The Oklahoma chapter of the Council of American-Islamic Relations, known by the acronym CAIR, sponsored a “Art in the Heartland” art show last week at the Wanda Bass Atrium at Oklahoma City University. The show displayed the work of young Muslim artists from the Oklahoma City area.

The artists included Ali Soltani, an OCU music major who plays the violin, viola and oud. Soltani explained that his interest in music was developed when he was a student at Edmond North High School and that the music director of that institution, Peter Marcus, encouraged him to explore both western and eastern music to develop his style.

Layan Salous is a photographer whose pictures have captured a variety of landscapes and individuals in Oklahoma. They include images of family members smiling at one another and small children who appear to be beaming at the world. Next to her photos was a sign that read “When I admire the wonders of sunset my soul expands in the worship of the creator.” Salous begin working in photography when she was 11 years old when her father introduced her to that art form.

Usma Muzaffar Saleema is a painter and calligrapher. She has recently painted a mural for the Oklahoma Heart Hospital in Oklahoma City that include an image of the Lake Hefner lighthouse. Saleema’s exhibit also included several ceramic figures in pastel colors.

Tehmina Cheema is a calligrapher who said her art is inspired in large part by her religious faith. Her work features Arabic script in black on a brightly colored backdrops. Cheema is currently teaching art at Mercy School in Edmond.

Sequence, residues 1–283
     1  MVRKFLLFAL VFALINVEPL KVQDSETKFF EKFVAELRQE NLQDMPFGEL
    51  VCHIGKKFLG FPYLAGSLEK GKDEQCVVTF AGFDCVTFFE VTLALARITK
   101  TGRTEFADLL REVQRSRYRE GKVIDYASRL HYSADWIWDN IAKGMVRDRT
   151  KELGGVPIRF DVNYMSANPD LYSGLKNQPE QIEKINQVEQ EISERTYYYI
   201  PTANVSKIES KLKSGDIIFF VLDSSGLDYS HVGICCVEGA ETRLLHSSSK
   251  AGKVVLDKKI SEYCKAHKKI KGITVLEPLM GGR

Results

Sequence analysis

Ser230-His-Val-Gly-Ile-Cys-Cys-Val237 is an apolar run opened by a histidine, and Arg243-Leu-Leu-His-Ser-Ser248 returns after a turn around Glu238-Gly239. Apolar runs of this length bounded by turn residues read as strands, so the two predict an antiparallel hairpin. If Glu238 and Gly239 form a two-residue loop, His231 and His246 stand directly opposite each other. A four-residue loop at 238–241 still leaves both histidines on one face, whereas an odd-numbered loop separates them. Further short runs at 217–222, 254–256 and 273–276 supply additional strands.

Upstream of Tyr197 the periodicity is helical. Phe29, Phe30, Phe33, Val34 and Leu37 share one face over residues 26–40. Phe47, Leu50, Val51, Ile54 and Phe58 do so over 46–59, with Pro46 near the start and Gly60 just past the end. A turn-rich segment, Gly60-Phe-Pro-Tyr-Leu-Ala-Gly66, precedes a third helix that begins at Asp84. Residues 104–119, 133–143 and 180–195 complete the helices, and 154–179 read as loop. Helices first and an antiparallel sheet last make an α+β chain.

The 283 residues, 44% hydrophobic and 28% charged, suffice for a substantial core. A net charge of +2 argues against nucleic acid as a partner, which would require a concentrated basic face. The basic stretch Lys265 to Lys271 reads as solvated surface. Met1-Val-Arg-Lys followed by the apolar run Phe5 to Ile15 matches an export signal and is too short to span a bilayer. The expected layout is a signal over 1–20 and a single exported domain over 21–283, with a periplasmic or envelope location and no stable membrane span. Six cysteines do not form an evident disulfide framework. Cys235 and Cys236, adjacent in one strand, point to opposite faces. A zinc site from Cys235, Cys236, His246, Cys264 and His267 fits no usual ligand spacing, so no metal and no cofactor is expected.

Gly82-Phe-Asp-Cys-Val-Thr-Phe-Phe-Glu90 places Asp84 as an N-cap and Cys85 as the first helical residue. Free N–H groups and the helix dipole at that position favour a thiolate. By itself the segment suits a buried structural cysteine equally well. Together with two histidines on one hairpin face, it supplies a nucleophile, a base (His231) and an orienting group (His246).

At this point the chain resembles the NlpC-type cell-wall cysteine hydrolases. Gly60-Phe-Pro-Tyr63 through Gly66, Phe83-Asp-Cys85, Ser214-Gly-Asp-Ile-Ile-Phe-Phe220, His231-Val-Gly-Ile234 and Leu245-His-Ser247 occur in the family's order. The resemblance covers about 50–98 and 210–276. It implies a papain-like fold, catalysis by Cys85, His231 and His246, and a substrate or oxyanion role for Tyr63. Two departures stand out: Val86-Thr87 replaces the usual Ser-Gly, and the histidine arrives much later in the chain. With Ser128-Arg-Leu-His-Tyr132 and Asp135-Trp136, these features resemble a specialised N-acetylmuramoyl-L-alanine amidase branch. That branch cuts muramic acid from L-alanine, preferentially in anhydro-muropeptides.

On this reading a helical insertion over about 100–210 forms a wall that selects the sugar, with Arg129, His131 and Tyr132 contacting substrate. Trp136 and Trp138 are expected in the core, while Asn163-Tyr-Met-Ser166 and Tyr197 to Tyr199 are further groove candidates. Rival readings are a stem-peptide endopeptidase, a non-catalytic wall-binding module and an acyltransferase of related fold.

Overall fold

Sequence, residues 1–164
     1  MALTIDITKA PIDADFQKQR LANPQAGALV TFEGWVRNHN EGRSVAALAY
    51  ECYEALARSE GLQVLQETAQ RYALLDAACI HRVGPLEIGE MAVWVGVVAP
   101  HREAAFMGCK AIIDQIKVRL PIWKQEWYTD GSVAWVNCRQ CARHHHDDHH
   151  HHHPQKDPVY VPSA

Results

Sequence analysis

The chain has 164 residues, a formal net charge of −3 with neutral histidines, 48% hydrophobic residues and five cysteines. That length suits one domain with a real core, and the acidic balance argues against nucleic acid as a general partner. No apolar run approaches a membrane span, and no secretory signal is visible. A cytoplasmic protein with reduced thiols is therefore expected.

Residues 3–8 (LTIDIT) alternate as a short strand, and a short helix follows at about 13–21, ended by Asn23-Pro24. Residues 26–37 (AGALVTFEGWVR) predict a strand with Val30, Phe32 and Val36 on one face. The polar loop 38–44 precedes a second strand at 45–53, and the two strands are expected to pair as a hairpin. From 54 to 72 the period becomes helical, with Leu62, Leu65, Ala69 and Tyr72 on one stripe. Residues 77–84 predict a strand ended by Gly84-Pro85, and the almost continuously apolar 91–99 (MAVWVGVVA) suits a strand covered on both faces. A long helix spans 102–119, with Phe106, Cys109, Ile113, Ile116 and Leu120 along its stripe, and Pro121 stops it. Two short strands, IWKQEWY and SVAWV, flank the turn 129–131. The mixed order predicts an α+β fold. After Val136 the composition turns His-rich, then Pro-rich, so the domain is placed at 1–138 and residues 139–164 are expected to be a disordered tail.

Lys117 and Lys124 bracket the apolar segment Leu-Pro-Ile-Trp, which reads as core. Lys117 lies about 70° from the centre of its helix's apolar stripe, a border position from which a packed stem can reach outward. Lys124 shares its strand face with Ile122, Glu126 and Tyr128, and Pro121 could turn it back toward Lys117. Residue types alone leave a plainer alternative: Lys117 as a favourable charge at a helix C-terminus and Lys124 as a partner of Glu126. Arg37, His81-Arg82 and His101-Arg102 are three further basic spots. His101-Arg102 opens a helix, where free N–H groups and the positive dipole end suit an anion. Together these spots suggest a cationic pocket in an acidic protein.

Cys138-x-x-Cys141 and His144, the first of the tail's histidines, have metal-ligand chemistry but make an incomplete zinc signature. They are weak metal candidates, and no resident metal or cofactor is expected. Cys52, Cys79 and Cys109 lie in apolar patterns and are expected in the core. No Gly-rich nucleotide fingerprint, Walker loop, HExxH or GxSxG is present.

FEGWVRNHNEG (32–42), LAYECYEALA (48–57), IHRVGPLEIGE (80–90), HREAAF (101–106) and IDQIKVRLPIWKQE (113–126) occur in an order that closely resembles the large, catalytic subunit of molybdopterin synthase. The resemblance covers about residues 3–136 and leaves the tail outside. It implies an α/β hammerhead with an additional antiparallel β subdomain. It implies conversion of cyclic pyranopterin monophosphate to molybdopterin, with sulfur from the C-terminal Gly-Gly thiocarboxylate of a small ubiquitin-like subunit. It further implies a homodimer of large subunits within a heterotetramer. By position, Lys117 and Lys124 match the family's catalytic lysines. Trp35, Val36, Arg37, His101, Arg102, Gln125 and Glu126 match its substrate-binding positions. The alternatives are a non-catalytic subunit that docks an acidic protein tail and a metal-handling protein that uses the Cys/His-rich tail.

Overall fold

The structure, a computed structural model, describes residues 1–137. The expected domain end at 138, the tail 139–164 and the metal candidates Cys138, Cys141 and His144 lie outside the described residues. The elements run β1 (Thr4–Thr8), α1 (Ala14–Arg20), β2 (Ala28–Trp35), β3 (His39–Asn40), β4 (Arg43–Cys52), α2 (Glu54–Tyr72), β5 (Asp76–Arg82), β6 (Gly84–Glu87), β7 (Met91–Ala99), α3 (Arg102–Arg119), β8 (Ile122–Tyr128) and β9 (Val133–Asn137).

Sarah Firdaous is a Stillwater resident who is both a photographer and a sculptor and is enrolled in a master’s degree program at Oklahoma State University. She believes that photography can capture important moments in peoples lives and also convey some of the beauty of the world. Her work includes pictures of weddings and family gatherings.

Nadia Martinez is a photographer from Norman who favors portrait photos, and her exhibit featured images of individuals and also rural scenes. Since she prefers using natural light for her pictures, her work is mostly done outdoors, and include images of people and places from the Oklahoma City-Norman area.

Salwa Elyazgi is a painter whose work includes silhouettes and paintings of people. She believes that when people view silhouettes they are less likely to judge the individual who is the subject of the painting. Elyazgi said that in her paintings she seeks to show the diversity of the world, and the right of individuals to be who they really are.

Adam Soltani, who is the executive director of CAIR Oklahoma, thanked the guests for attending the show, and also thanked the artists who participated in the event.